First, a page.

Flexibility for dads at work leads to healthier families


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As we celebrate Father’s Day, W.K. Kellogg Foundation (WKKF) recognizes all the ways men show up as caregivers. Men are integral to raising families and raising communities. In this first story of our two-part Father’s Day series, we look at how celebrating dads means honoring their efforts and opening up new and wider pathways for men to be actively engaged in children’s lives.

The word normal has been batted around for much of the past sixteen months. Some have hoped for a return to normal; others believe the pandemic offered an opportunity to redefine normal in our personal lives and systems.

Life was certainly anything but normal in the world of work. Kids and parents became colleagues; dining rooms transformed into co-working spaces and closets into private phone booths; kids, spouses and elders made (often unintended) appearances in virtual staff meetings.

“Never have the caregiving roles played by working people in this country been more visible to employers,” says Molly Day, executive director of Paid Leave for the U.S. (PL+US), a WKKF grantee. In partnership with employees, employers, consumers and investors, PL+US has won family leave for nearly 8 million workers at some of the country’s largest companies.

Before the pandemic, companies like Gap Inc., Target and Starbucks were already developing more comprehensive and flexible leave programs. But, as a result of the pandemic, Day says “We’re now at a tipping point, with business of all sizes calling for a comprehensive national paid leave policy.” The United States is currently one of only eight countries in the world without a federal-level policy.

During the pandemic, PL+US partnered with Promundo to survey executives and human resources teams at 40 companies, based in the U.S. and abroad. They found that “…companies are working to emphasize flexibility as key to their culture – something that may well last beyond the pandemic.” Flexibility includes encouraging employees “to prioritize their wellbeing” and “lowering the expectation that employees should always be easily and instantly available,” while “finding creative ways to normalize the notion that all employees have needs and duties to care for themselves and care for those in their families.”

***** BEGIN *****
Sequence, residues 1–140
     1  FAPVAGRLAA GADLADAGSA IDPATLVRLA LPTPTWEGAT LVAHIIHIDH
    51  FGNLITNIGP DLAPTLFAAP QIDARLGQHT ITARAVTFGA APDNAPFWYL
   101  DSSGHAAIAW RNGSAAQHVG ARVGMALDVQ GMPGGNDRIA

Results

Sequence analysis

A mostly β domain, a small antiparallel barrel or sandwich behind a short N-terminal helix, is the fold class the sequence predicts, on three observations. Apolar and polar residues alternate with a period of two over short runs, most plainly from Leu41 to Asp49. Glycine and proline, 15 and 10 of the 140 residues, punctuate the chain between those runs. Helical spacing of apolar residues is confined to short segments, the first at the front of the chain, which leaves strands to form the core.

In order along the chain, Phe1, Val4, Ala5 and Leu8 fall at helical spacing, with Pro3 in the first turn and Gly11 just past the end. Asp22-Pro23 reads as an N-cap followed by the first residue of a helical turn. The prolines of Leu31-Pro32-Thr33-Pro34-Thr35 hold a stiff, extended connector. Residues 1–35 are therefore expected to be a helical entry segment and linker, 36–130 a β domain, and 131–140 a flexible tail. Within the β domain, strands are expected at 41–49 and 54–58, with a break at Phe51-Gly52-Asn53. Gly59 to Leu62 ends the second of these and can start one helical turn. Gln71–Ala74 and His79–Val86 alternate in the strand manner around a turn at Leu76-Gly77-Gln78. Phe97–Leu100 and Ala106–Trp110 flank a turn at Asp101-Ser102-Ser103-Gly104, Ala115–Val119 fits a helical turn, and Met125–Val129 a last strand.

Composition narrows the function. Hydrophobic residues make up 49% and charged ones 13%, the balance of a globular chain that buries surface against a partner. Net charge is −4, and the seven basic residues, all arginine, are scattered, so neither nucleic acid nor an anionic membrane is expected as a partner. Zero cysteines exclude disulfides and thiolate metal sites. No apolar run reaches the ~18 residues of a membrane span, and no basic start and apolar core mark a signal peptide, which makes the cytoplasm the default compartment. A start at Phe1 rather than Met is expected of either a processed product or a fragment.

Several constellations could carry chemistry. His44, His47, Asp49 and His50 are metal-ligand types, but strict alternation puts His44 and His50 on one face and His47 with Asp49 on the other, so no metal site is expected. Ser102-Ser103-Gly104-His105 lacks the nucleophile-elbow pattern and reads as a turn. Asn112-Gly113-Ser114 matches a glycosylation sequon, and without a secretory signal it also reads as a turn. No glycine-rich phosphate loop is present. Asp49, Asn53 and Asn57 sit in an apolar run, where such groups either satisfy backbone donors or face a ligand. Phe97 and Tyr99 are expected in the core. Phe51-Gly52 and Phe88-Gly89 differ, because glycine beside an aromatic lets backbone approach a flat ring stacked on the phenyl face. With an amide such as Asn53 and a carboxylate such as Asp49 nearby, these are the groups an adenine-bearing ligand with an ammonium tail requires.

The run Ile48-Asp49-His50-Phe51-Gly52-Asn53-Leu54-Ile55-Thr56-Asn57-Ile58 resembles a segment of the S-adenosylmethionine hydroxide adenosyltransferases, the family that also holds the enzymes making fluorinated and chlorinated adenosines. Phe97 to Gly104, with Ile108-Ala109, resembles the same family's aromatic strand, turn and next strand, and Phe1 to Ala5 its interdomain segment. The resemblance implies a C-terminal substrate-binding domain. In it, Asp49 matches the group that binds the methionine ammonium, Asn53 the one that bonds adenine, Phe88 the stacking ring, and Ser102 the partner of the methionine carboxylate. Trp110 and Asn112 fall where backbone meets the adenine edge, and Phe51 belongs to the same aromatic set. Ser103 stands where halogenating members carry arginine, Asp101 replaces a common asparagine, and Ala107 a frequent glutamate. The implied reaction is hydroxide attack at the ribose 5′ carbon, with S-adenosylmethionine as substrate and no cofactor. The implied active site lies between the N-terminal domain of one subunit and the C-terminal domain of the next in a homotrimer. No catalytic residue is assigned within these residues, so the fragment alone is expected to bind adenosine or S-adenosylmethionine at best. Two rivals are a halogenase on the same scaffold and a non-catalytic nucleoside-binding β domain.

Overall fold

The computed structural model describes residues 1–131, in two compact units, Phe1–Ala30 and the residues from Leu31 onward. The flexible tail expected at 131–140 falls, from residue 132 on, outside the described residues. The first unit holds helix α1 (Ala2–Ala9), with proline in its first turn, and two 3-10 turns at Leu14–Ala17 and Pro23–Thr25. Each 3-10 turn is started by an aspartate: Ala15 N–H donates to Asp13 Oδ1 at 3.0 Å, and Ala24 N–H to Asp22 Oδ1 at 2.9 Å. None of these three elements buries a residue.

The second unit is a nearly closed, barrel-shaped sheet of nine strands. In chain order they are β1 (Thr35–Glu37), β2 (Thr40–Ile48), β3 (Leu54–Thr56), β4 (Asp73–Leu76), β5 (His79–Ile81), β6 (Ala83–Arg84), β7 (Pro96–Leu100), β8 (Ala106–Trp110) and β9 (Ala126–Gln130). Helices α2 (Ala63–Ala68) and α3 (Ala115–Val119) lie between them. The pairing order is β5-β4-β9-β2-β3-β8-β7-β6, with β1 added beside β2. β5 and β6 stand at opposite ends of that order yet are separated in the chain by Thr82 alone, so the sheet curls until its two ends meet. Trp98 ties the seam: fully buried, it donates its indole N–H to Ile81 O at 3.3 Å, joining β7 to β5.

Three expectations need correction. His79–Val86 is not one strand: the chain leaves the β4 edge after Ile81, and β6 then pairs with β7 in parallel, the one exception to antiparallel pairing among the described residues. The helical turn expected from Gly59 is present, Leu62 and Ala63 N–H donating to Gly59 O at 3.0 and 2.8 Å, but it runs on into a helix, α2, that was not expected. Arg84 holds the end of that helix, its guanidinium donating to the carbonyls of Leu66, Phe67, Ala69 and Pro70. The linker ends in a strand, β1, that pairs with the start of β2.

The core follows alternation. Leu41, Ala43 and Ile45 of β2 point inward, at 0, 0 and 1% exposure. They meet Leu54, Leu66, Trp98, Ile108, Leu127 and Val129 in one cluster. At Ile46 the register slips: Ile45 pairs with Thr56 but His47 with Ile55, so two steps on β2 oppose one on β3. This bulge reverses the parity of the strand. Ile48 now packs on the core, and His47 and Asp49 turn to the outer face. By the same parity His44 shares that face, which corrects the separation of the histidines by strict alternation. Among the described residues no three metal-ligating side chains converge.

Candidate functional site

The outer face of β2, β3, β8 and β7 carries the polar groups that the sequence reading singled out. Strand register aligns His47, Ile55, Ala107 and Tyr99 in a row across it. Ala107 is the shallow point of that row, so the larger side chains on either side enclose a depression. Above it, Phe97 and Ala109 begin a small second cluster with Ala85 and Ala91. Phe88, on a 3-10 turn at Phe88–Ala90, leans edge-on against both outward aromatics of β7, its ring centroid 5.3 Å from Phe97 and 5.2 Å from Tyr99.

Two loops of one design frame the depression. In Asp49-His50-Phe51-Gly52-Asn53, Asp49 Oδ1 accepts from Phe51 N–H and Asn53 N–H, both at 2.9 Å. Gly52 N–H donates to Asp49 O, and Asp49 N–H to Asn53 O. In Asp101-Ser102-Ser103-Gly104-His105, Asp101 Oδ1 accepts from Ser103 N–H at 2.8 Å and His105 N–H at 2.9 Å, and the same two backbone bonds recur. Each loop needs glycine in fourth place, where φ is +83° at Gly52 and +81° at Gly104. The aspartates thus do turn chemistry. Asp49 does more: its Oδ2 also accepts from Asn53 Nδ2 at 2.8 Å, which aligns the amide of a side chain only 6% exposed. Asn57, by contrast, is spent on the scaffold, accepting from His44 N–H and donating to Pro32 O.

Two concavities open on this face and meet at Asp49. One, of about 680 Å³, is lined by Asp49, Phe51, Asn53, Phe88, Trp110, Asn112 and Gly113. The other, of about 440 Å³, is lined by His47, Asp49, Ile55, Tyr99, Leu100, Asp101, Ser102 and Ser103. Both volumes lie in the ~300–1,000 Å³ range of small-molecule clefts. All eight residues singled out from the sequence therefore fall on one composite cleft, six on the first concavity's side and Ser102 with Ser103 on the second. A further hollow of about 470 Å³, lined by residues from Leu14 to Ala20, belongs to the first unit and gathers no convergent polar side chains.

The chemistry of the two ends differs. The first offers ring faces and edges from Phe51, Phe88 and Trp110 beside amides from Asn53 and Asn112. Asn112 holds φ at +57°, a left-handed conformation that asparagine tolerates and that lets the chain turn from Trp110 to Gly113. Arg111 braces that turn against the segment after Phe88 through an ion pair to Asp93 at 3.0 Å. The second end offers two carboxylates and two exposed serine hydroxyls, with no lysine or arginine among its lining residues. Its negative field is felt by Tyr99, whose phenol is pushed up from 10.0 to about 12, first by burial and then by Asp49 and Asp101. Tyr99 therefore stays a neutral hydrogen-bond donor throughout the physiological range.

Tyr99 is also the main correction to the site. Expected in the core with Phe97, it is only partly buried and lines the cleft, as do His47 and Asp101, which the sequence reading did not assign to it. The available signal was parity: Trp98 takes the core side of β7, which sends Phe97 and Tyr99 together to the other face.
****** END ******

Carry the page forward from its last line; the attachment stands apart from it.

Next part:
A 2019 report published by PL+US and the Georgetown Center on Poverty and Inequality shows that when paid leave applies to dads, moms and all parents, it impacts home life and the workplace positively, including:

  • increased opportunities for parent-child bonding and developing co-parenting skills
  • better physical and mental health for moms, dads and those caring for elders
  • higher breastfeeding rates, lower infant mortality rates and better emotional and cognitive development in infants
  • more career opportunities for women and higher wages over the course of careers
  • higher employee morale and lower turnover for employers

At some point in life, nearly everyone becomes a caregiver – as a parent, partner or spouse, or in serving the needs of elder family members – and everyone will need care. Men play important roles as caregivers too. That’s why WKKF joined with other seven other leading and diverse philanthropic organizations to announce the formation of The Care for All with Respect and Equity (CARE) Fund. This $50 million, multi-year, pooled fund will make investments in bold, transformational change to build comprehensive infrastructure that works for everyone.


WKKF supports paid leave initiatives as a grantmaker and an employer. Our work includes supporting a range of organizations at state and national levels that are working to ensure all families have access to paid leave, while also prioritizing our colleagues’ health, well-being and caregiving needs.

The U.S. is

1 of 8

countries in the world without a federal paid leave policy. It is the only one classified by the World Bank as high-income without a policy.

Most of Africa, Asia, Latin America, the Caribbean and Europe

have paid maternity leave. This map from Texas A&M tells the story.

At least


countries guarantee paid leave for dads or shared leave between parents.

Sweden offers

480 days

of paid leave to be shared between parents during a child’s first eight years.

African nations average

12-14 weeks

for new moms


U.S. states plus the District of Columbia and Puerto Rico have paid leave policies.

Check out part two of the Father’s Day series

Check out part two of the Father’s Day series


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